I knew I wanted to join Northwell Health because the entire system strives to improve our communities through education, conduction of research and providing quality healthcare. I chose North Shore University Hospital primarily because it is a teaching hospital and offered the William Randolph Hearst Critical Care Fellowship. I already knew I wanted to be a critical care nurse when I graduated and this unique fellowship that was offered was just the beginning of my journey. When I began my fellowship 10 years ago, it was broken down into three phases which included patient simulation experiences, didactic learning sessions and direct patient care assignments. The various phases provided the required tools and prepared me to be an effective Neurosurgical ICU nurse. Now, I have the privilege of being a preceptor for the new fellows and thoroughly enjoy the experience.
After my fellowship ended, I received an RN position within the same department, Nerosurgical ICU (NSCU), and each day brings a new experience. Being at the bedside and advocating for my patients at a crucial time during their recovery is what drives me. The NSCU team is exceptional and I consider them my family. Over the years I have served in various capacities such as the co-chair for the Collaborative Care Council, Beacon committee member, peer interview panel member, and participate in various performance improvement projects such as Quiet time and serve as the CAUTI champion. I am currently enrolled in the first Manhasset cohort for a Masters in Leadership program, which is a great opportunity provided by the health system.
I knew I wanted to continue to do great things for this health system and when a Catheter Associated Urinary Tract Infection (CAUTI) problem arose in 2011 I was able to make a real difference in decreasing the percentage of patients that acquired an infection. The team that I was on developed an evidence-based CAUTI bundle that consisted of insertion and maintenance of indwelling urinary catheters (IUC), early catheter removal with development of a straight catheterization protocol and focused collaboration between nurses and physicians to review catheter necessity during patient rounds. Initially focus was on urine backflow prevention, creating criteria for when to obtain urine cultures and developing a protocol for straight catheterization based on bladder ultrasound results. Once we had our goals and a plan in place we began implementation from the years 2012 to 2014. In 2012 a 19% reduction in CAUTI was achieved. In September 2013, four NSCU nurses including myself were accepted into the AACN CSI Academy with CAUTI reduction as our leadership project and in 2014, the four CAUTI Champions hosted a week of CAUTI prevention. We created and distributed unit based t-shirts with the acronym NSCU (Nurses Stopping Catheter Usage), performed peer skills validation on perineal and IUC care and further revised the protocols for straight catheterization and bladder scanning. In 2014, CAUTIs were reduced by 24%, the number of device days were reduced by 31% and this outcome resulted in a, $112.000 saving. Various practices initiated on our unit were then presented at the hospital wide CAUTI carnival. This brought about a change in the culture of our unit and we have presented the results at various hospital sessions and conferences nationwide. We continue to focus on sustainability and have noticed a significant decrease in all other Hospital Acquired Infections (HAI).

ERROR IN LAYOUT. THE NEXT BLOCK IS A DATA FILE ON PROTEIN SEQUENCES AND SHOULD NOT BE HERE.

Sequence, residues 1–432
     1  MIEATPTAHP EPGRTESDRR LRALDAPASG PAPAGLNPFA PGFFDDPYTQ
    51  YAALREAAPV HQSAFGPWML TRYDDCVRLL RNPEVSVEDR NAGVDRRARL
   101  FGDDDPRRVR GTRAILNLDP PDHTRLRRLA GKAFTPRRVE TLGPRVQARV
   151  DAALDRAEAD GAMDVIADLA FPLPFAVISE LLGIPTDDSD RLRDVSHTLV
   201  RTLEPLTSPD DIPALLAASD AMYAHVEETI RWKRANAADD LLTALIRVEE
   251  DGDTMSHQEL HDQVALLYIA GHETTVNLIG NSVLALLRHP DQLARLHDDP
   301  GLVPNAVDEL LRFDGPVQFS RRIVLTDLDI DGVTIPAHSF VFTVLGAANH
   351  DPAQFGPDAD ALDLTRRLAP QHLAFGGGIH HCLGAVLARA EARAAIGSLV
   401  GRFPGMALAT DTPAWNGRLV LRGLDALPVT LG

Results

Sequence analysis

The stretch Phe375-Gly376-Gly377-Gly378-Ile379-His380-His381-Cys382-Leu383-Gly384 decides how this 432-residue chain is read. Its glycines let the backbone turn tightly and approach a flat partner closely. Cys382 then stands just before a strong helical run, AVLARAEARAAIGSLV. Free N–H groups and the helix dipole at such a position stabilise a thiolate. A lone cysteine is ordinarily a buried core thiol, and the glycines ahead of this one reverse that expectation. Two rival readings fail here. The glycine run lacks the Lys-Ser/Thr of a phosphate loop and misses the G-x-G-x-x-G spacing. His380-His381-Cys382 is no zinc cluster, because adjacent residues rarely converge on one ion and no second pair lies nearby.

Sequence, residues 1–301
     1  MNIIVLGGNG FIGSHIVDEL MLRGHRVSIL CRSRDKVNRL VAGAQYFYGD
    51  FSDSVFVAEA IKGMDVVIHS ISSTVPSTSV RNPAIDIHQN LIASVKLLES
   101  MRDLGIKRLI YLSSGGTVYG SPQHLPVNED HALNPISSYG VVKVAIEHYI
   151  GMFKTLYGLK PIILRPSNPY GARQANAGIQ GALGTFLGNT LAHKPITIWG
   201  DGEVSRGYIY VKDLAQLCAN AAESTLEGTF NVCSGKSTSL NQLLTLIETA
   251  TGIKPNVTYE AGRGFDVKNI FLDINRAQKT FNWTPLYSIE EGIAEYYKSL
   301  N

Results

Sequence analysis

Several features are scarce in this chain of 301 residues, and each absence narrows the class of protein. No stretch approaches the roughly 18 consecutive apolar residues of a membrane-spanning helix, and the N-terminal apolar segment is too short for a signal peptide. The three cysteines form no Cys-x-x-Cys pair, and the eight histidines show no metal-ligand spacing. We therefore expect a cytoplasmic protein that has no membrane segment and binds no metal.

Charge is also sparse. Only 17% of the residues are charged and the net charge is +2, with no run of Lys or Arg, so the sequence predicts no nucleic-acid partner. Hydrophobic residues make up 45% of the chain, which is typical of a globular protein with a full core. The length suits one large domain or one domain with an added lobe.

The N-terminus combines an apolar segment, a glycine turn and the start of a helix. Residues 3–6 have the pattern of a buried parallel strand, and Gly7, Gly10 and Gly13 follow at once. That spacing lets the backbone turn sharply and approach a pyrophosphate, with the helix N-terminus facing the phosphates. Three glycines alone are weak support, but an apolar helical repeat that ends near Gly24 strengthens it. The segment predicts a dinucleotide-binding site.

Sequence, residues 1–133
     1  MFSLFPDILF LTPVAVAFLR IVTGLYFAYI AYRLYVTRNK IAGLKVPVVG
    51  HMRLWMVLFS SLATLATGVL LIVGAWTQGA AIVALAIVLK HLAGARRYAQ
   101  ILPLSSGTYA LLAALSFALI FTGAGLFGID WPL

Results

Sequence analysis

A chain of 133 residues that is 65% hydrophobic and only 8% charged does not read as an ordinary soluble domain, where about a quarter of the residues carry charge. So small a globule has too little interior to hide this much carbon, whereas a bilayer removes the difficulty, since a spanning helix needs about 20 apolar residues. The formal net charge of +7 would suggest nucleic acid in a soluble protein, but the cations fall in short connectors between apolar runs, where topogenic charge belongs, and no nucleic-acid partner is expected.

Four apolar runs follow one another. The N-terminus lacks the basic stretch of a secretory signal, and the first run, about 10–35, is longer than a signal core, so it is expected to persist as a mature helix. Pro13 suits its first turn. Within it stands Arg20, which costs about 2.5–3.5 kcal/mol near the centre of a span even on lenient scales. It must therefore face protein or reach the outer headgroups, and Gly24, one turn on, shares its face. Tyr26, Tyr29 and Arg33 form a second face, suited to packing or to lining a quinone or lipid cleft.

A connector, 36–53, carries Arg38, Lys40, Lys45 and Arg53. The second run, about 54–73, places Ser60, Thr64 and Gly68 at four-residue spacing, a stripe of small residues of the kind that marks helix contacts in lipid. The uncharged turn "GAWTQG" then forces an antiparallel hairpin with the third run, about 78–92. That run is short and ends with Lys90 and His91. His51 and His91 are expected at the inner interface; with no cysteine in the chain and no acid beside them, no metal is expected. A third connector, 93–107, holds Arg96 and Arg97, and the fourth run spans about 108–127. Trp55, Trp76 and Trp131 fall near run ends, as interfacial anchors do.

Working for this health system has provided me with all of the opportunities I could hope for in a nursing career – from fellowship training to becoming a mentor, complex cases, educational aid, and leadership opportunities – I wouldn’t want to have established my career anywhere else. All this was possible because of the commitment and dedication of the NSCU team. I would like to thank my manger, Laura Iacono, for her encouragement and guidance as well as, Tara Laumenede, our director. My gratitude to my AACN CSI mentors Marian Altman and Debbie Brinker who provided the necessary tools for the success of our project. A special thank you to my coach, Launette Woolforde, who was instrumental in the success of the CAUTI initiative and our CNO, Kerri Scanlon, who is an inspiration.